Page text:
An essentially bureaucratic report does, as far as I can see, its bureaucratic task well in coming up with immediate concrete suggestions. But when it steps into areas of theology and wider implications, it needs to be criticised and reflected on. Yet the rhetoric of the report is that, should the Church be unwise enough even to pause in its welcome of it in toto, abuse is being perpetuated.
Relatedly, there is the discussion of a 'culture of secrecy' in the report. This phrase has been fairly current in the discussion of the Church in recent years. The journalist, Catherine Deveney, for example, was on Scotland 2015 on the BBC last night talking about it again with respect to whistleblowers. (I think she was implicitly referring to this case which I have discussed before.) This is a phrase which is suffering from mission creep. Certainly, if it means the tendency of (eg) bishops to cover up cases of child abuse, it's fairly straightforwardly wrong. But the idea that any organisation, particularly one with the task of the Church, can become totally transparent is chimerical. For example, let's take the case of Cardinal O'Brien mentioned in the report:
2.37 Some priests in the diocese where Cardinal O’Brien had been Archbishop told the Commission that they had been “left in the dark”. In particular it was argued by them that the whole affair raised two issues for the Commission. One comment was specifically about the commitment of the Catholic Church to safeguarding, in a situation in which power may have been used in an abusive way: “Has the Vatican taken seriously policies about safeguarding in the way it has dealt with Cardinal O’Brien? A priest would have been dealt with differently”.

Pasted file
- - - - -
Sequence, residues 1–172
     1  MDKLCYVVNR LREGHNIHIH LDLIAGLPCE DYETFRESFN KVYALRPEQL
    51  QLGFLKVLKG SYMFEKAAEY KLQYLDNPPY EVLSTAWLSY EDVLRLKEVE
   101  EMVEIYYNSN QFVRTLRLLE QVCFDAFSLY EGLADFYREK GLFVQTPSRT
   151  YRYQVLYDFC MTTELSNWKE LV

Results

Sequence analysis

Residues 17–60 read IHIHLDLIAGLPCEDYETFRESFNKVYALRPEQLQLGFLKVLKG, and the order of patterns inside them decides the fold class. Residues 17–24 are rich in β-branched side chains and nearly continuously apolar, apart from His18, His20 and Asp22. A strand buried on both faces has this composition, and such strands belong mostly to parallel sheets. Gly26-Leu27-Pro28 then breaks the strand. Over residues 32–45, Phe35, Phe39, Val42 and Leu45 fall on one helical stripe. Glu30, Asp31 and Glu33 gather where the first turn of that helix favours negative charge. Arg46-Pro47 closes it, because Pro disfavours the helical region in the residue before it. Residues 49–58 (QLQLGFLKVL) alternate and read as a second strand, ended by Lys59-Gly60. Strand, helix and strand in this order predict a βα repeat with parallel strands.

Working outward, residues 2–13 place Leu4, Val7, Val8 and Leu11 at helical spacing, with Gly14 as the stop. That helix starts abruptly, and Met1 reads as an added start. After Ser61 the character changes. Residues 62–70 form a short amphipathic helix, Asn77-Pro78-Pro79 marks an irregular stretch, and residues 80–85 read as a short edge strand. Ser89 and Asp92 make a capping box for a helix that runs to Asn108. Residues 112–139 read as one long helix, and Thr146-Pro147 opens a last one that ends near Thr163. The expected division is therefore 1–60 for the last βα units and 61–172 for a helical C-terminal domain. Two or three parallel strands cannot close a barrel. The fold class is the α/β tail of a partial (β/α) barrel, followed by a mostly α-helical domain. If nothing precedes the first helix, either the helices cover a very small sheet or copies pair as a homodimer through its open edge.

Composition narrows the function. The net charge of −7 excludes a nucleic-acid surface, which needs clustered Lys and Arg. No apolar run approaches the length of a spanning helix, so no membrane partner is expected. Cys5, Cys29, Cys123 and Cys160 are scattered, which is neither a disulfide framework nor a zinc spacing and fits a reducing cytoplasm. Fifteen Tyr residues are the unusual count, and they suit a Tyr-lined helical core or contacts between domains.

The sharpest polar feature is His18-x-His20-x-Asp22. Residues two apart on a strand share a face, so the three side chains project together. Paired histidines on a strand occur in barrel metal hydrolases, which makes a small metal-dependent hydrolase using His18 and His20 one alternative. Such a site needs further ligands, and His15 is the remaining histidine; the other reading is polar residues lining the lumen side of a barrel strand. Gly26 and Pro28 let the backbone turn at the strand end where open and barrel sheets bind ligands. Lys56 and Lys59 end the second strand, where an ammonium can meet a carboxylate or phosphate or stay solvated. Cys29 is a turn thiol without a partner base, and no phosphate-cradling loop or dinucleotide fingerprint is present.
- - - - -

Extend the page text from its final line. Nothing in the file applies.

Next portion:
2.38 The other issue was of a continuing culture of secrecy: “Our Church is in a state of denial. At no point has there been a narrative given by the Church to tell what has happened”.
2.39 Having said that, the Bishops maintain that it was not a culture of secrecy that hampered them from making a more open response in this case. The Commission recognises that at that time the Bishops were not in possession of the full facts of the case. Regarding any information that they did possess, they were bound to respect confidentiality, both that of the accusers and that demanded by civil and canonical requirements. Subsequently, they were further hampered by the unique position of a Cardinal in the Catholic Church: a Cardinal can only be judged by the Pope and the investigation into the Cardinal’s behavior was undertaken by Bishop Charles Scicluna, at the behest of Pope Francis.
The bishops' response here is odd. To suggest that institutional structures are per se not part of a culture is bizarre. The obvious reply to their response is that it is precisely those structures which are the culture of secrecy. (And their inability to recognise this is part of the problem.) I actually would agree with the criticism that the Church (as a whole, not just or even especially in Scotland) has not deal with the O'Brien case as transparently as it should (and have blogged in this vein before). But the idea that any organisation let alone a Church dealing with often very intimate matters does not need some culture of secrecy is Pollyanna-ish. If the report is going to be judged (as Deveney seemed to be suggesting) on whether it maintains any secrets, it will certainly fail. Apart from the straightforward cases, there will always be difficult cases where some tension will exist between the need for transparency and the need for secrecy. Pretending otherwise simply sets the Church a task which it will inevitably fail.